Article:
– November 24, 2020 Reading Time: 3 minutes

The late 1970s and early 1980s were a turbulent time on the music scene. “Punk rock” came into vogue. Disco was breathing its last. A band of teenage girls called The Runaways went through several lineups and had a minor hit with “Cherry Bomb.” They never really got that far in the United States or Europe, but they opened for several prominent bands. They also made it big in Japan. Several Runaways became stars after the band broke up. Lita Ford went on to solo success. Original member Micki Steele joined the Bangles. The group’s biggest eventual star was Joan Jett, who would lead Joan Jett and the Blackhearts to the top of the charts with a cover of Arrow’s “I Love Rock & Roll” in 1981. Over the next decade or so, they would produce memorable hits like “Bad Reputation” and “I Hate Myself for Loving You.” Their 1990 album The Hit List featured covers of songs like AC/DC’s iconic “Dirty Deeds.” She and her band would be semi-satirized memorably in my favorite comic strip, “Bloom County,” as “Tess Turbo and the Blackheads.”

It almost didn’t happen. After the Runaways broke up, Jett approached 23 different labels and was rejected 23 times. Eventually, Jett decided to go it alone. She and her band started their own label, Blackheart Records, and sold several million copies of “I Love Rock & Roll.” It was a triumph, for the most part, of what Adam Thierer calls “permissionless innovation.” She had to secure rights to the song, of course. Still, she didn’t have to get permission from already-existing record labels or a skeptical Ministry of Culture loathe to bless her efforts. She just did it.

Now imagine what would have happened had she needed permission from the Ministry of Culture. How likely is it that a bunch of refined sirs and madams would say, “Let’s let one of the “Queens of Noise” cover Gary Glitter’s ‘Do You Wanna Touch Me?’ Do we really need a new version? Do we need a new version of ‘I Love Rock & Roll,’ for that matter? Isn’t one version good enough?” One can imagine them saying, “Come back when you can sing,” or “Come back when you’re dressed like a lady,” or worse, like in the video for “Bad Reputation,” but with the twist that Jett has nowhere else to go. Record executives could refuse to pay for and distribute Jett’s music. They could not, however, actively stop her from doing it herself. As one publication that had panned some of her work put it, “Selling records is the best revenge.”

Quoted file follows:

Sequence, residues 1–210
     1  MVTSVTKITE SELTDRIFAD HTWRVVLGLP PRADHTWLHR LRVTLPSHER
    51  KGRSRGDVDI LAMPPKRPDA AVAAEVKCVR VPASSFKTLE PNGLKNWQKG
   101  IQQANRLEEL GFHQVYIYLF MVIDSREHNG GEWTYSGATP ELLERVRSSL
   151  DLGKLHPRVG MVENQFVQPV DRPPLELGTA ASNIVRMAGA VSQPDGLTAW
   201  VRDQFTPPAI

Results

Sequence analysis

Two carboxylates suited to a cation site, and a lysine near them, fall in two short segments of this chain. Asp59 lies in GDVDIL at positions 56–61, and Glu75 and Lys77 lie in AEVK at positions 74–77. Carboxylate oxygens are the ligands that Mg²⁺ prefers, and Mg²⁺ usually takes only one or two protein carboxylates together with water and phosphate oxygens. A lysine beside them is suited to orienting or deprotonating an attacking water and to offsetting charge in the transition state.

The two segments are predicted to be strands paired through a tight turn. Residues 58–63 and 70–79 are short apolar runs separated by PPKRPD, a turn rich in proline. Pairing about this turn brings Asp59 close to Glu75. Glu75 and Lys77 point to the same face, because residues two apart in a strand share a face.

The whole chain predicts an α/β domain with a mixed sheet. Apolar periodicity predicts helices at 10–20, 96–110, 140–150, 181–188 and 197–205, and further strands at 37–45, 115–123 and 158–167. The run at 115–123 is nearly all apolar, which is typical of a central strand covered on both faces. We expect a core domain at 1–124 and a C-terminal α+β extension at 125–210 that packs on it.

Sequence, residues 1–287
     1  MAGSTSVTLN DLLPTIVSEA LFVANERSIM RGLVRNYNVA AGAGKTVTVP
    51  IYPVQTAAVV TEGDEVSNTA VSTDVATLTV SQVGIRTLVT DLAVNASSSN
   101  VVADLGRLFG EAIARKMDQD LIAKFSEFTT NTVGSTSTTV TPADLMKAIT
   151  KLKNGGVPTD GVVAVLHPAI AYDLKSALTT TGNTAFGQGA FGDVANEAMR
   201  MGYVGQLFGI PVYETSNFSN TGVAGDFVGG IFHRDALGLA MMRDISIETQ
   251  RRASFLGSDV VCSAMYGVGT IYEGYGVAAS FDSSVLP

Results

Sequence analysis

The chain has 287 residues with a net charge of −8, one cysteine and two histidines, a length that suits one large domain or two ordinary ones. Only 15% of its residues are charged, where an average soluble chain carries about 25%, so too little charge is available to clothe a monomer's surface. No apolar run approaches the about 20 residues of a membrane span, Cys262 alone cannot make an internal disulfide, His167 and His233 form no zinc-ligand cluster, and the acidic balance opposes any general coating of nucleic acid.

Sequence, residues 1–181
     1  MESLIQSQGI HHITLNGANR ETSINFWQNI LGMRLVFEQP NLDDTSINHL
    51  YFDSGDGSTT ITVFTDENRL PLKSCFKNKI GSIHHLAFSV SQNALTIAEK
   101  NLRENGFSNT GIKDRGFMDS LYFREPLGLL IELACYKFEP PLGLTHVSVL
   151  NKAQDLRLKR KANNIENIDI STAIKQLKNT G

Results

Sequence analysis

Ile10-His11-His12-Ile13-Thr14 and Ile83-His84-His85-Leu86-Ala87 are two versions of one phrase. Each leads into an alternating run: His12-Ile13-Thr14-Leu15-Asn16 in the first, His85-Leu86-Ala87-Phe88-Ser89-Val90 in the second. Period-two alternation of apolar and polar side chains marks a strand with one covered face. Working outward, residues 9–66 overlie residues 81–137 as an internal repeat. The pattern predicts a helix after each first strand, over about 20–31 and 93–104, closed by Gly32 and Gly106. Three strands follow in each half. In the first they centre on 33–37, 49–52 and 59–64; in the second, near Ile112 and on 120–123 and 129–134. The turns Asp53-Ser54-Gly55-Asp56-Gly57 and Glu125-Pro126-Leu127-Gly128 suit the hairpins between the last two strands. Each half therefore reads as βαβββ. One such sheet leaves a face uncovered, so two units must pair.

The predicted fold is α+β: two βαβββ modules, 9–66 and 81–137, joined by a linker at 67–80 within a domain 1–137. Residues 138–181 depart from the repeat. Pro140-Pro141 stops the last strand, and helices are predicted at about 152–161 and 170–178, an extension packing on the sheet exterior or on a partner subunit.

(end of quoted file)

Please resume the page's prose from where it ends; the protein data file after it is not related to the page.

The tastes of hoi polloi dominate mostly-free markets. They answered the sirs and madams mentioned above by repeatedly voting for “I Love Rock & Roll” with the dimes they put in jukeboxes around the world and requesting it on radio stations. About two and a half decades after it was released, people were still voting for it by downloading it from iTunes, as I did when I got my first iPod in 2007. People continue to vote for it today every time someone listens to it on Spotify.

Yes, a lot of popular music is hot garbage. As I’ve gotten older, wiser, and more refined, I’ve started really listening to the lyrics of a lot of the songs I loved growing up. Let’s just say that lyrics like “You need coolin’/Baby I’m not foolin’/I’m gonna send you back to schoolin'” and “I’m gonna give you every inch of my love” from Led Zeppelin’s “Whole Lotta Love” don’t exactly parallel Milton, Shakespeare, or Wordsworth. Even Shakespeare’s plays had fart jokes, though, and one of the comic characters in Twelfth Night was not-so-subtly named Toby Belch. Shakespeare probably wouldn’t have made it down to snobs like us without at least a little success among the rabble. As an aside, look around the next time you’re at a government-subsidized symphony, musical, opera, play, or performance by a famous dance troupe. Ask yourself how you think the audience’s median income compares to the median income of the general population. Arts subsidies are welfare for the rich.  

Joan Jett has been a rock icon for decades, not only because of her trademark sound and persona. She is a legend because of her pioneering business acumen and her refusal to give up after hearing “no” from the major record labels. Even if you think the “Queen of Noise” produces nothing but noise, her success in a world of permissionless innovation is a good reason to love rock & roll.

Art Carden

Art Carden

Art Carden is a Senior Fellow at the American Institute for Economic Research. He is also an Associate Professor of Economics at Samford University in Birmingham, Alabama and a Research Fellow at the Independent Institute.

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